The dodo bird might be extinct in the real world but in the world of
psychotherapy research it refuses to die. However, a group of German
researchers recently put forward an article were they had randomized
patients to either a PDT or CBT condition and measured the relative
proficiency of the two orientations, and they found that their results
delivered a convincing blow to the dodo bird verdict.
The dodo bird verdict is the long held belief by some researchers and
clinicians that all psychological interventions produce the same
outcome. The proponents of this theory often attribute the efficacy of a
therapy to “common factors”, such as the alliance between therapist and
client. This is in opposition to crediting the success of a therapy to
the specific techniques used by the therapist, e.g. exposure or
It’s no secret that the main rivalry has been between cognitive behavior
therapy (CBT) and psychodynamic therapy (PDT) practitioners. However,
one of the issues with testing the dodo bird verdict has been the lack
of quality studies on the efficacy of PDT. More importantly very few
direct comparisons have been made within randomized controlled trails.
Therefore it’s always exciting when a research group puts forward
Watzke et al. (2012) recruited 189 patients and randomized them to
either CBT or PDT, they used a 3:2 ratio because the facilities had less
capacity to give PDT. The study took place in a natural setting at an
inpatient unit in Germany, and because of the naturalistic setting very
broad inclusion criteria were used. The treatments were administered as
brief group therapies, with 3-4 sessions per week and an average
treatment length of 6 weeks. Both treatment groups additionally received
one individual session per week. No treatment manuals were used and the
therapists received no special training for this study.
The primary outcome used in the study was the General Severity Index of
the Symptom Check list-14 (SCL-14). The secondary outcomes was mental
component summary of the SF-8, and the Inventory of Interpersonal
Problems (IIP-C). The outcomes were assed at intake and at 6 month
You can see their results in Figure 1, were I’ve made a plot of the
results, and calculated Cohen’s d with 95 % CIs.
In this direct comparison between CBT and PDT, CBT clearly performed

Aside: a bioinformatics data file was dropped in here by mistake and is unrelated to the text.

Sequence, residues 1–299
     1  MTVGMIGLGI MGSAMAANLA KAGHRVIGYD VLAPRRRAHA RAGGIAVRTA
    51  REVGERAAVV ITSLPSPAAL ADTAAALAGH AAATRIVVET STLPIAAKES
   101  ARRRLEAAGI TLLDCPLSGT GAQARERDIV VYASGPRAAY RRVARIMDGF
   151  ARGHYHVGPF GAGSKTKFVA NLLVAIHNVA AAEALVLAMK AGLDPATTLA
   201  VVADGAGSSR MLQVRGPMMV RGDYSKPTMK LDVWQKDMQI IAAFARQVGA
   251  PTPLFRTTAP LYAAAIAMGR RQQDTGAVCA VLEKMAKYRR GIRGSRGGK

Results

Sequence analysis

better, and quite convincingly so. Clearly the dodo bird did not fair
well in this study, but more research like this is needed before the
dodo bird finally can be put to rest. If indeed CBT is more effective
than PDT, then this is incredible valuable research for all the patients
out there. Hopefully we’ll see more randomized controlled trails that
compare two bona fide psychotherapies in the future.
Quality of the evidence
This study is a randomized controlled trail and as such the evidence has
got the potential to be of high quality. Some aspects of the study are a
bit unclear though, for instance the authors never describe how the
allocation sequence was concealed. And I couldn’t see any information on
why they only hade two time points (baseline and 6 months), more time
points would’ve provided more information. Additionally, I think they
should’ve analyzed their data as a multilevel model, especially if they
used many different therapists and different hospital units. Also, they
did not state how many therapists that were used in the study, and
consequently they did not test for any therapist interaction effect.
However, the authors explicitly state that the treatments were not
recorded and hence no assessment of adherence or competence was made.
Though, the “results of a prior study including independent expert
raters (video ratings) describe the main interventions of both
treatments (Watzke et al, 2004, 2008) and suggest that there was
sufficient treatment differentiation between the two treatments in the
unit”. So it’s possible that the outcome is due to the CBT therapists
being more competent, and not due to CBT being more effective as a
specific intervention. However, to me this seems redundant as from my
perspective it’s a sign of competence to choose CBT before PDT. This
statement might seem unnecessary polemic, but CBT is the treatment of
choice for many disorders today with a vast amount of research
supporting its efficacy, so perhaps one must be a bit scientific naïve
to administer PDT for diagnoses were research support is lacking.
The researchers used unequal groups, with a 2:3 ratio (CBT having more
patients). It’s hard to estimate if this had any effect on the outcome,
statistically this might affect the significance test if the assumptions
of homogeneous variance is violated. However, by looking at the standard
deviations reported in the study this doesn’t seem to be a problem.
Moreover, the authors performed analysis to test if any cofounders might
have been unequally distributed between the treatments, and found no
evidence for this. Also, attrition didn’t seem to be a problem, the
authors performed sensitivity analyses and intention-to-treat analyses,
which did not reveal any cause for concern.
I’m not sold on the outcomes they assessed. I’m thinking that they
could’ve used more outcome measures, for instance they could’ve assessed
depression and anxiety separately. However, there’s evidence that the
SCL-scales are quite good at detecting general symptom severity.
Overall, I find the results of this study interesting and I don’t think
any of the study’s shortcomings invalidates its findings. But as always
more studies are needed before any robust conclusion can be made.
B, Rüddel H, Jürgensen R, Koch U, Kriston L, Grothgar B, & Schulz H
(2012). Longer term outcome of cognitive-behavioural and psychodynamic
psychotherapy in routine mental health care: Randomised controlled
trial. Behaviour research and therapy,
50 (9), 580-587 PMID: 22750189